George Floyd

Barack Obama on Death of George Floyd: ‘This Shouldn't Be Normal in 2020 America'

Obama said he shared the anguish of millions of others over Floyd's death and expected justice would ultimately be done

Police officers block a road on the fourth day of protests in Minneapolis
Scott Olson/Getty Images

Hours after President Donald Trump tweeted about opening fire on protesters in Minneapolis, former President Barack Obama released a statement on social media about the death of George Floyd at the hands of the Minneapolis police. Obama said he has shared pained conversations with friends in response to Floyd's death.

"'This shouldn't be 'normal' in 2020 America. It can't be 'normal.' If we want our children to grow up in a nation that lives up to its highest ideals, we can and must do better," he wrote.

Obama added that he shared the anguish of millions of others over Floyd's death and expected officials would investigate the case thoroughly and that "justice would ultimately" be done.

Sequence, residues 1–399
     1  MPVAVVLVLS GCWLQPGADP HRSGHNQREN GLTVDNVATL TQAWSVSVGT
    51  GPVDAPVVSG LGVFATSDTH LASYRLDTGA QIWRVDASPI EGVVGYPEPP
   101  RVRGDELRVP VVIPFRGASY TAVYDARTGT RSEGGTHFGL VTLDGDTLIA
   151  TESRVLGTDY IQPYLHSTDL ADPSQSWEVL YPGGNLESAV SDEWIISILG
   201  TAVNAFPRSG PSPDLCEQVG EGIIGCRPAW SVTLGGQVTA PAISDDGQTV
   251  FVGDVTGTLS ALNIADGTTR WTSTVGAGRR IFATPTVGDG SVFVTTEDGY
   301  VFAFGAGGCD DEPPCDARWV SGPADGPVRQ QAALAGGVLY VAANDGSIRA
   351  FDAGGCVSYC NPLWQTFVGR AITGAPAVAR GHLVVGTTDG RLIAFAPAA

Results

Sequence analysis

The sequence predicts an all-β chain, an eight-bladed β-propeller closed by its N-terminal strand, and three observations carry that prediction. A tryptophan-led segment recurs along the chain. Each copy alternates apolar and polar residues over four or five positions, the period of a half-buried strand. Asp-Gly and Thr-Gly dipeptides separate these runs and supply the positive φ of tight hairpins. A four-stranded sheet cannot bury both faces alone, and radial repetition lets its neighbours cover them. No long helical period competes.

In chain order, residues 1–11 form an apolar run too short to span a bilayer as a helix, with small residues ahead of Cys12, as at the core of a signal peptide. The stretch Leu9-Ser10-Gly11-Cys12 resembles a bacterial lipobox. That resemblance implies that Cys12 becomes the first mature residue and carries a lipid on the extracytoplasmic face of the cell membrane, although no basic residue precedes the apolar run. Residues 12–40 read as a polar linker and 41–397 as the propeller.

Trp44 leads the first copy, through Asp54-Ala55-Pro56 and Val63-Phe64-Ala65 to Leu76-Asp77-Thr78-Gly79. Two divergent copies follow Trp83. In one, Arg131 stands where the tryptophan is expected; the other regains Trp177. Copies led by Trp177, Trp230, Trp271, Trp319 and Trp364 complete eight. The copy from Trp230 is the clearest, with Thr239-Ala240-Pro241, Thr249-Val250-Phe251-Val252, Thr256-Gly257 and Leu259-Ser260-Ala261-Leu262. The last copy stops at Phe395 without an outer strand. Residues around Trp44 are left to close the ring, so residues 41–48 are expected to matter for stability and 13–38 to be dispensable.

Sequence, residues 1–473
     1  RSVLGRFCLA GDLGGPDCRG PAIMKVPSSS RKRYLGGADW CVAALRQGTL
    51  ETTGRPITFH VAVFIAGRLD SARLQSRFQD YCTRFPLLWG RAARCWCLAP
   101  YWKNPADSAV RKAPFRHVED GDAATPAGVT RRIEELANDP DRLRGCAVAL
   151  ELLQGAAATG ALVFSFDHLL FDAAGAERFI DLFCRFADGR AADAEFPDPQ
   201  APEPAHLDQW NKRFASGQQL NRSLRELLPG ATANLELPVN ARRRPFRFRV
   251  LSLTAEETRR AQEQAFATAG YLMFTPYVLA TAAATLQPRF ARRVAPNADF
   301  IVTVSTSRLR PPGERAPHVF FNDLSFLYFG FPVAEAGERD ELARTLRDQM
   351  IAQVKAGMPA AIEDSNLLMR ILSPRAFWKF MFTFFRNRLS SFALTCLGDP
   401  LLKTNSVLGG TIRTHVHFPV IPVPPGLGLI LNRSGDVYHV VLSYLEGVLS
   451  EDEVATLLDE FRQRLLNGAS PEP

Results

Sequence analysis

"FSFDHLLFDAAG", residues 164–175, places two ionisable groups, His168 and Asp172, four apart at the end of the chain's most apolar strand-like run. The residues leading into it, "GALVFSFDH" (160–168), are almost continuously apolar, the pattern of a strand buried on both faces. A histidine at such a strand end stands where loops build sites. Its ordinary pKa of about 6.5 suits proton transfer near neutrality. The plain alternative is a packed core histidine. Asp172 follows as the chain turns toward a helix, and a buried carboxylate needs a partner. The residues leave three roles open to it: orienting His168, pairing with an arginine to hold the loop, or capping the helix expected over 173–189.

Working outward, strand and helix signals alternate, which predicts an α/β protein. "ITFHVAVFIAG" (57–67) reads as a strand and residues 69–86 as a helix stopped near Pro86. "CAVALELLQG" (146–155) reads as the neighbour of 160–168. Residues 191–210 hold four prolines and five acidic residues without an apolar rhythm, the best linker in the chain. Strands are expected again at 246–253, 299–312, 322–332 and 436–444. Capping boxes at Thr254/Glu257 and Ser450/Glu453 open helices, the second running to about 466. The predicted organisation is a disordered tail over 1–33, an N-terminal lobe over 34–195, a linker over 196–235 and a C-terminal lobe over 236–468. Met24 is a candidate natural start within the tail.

Obama's tweet came the afternoon after a third night of violence in Minneapolis as protesters set ablaze the police station that officers abandoned. Trump called the violent protesters "thugs" and tweeted, “when the looting starts, the shooting starts,” which in turn prompted a warning from Twitter for “glorifying violence.”

The White House said the president “did not glorify violence. He clearly condemned it.”

Trump, in his tweets, borrowed a phrase once used by former Miami Police Chief Walter Headley in a 1967 speech outlining his department’s efforts to “combat young hoodlums who have taken advantage of the civil rights campaign.” In the speech, Headley said his department had been successful “because I've let the word filter down that when the looting starts, the shooting starts."

“We don’t mind being accused of police brutality,” he said in the same speech, according to news reports from the time.

The White House did not respond to questions about where Trump had heard the phrase and what he meant by it. But Trump said Friday afternoon, after many hours of backlash, that he had meant that, “Looting leads to shooting.”

“I don’t want this to happen, and that’s what the expression put out last night means,” he tweeted. “It was spoken as a fact, not as a statement. It’s very simple, nobody should have any problem with this other than the haters, and those looking to cause trouble on social media. Honor the memory of George Floyd!”


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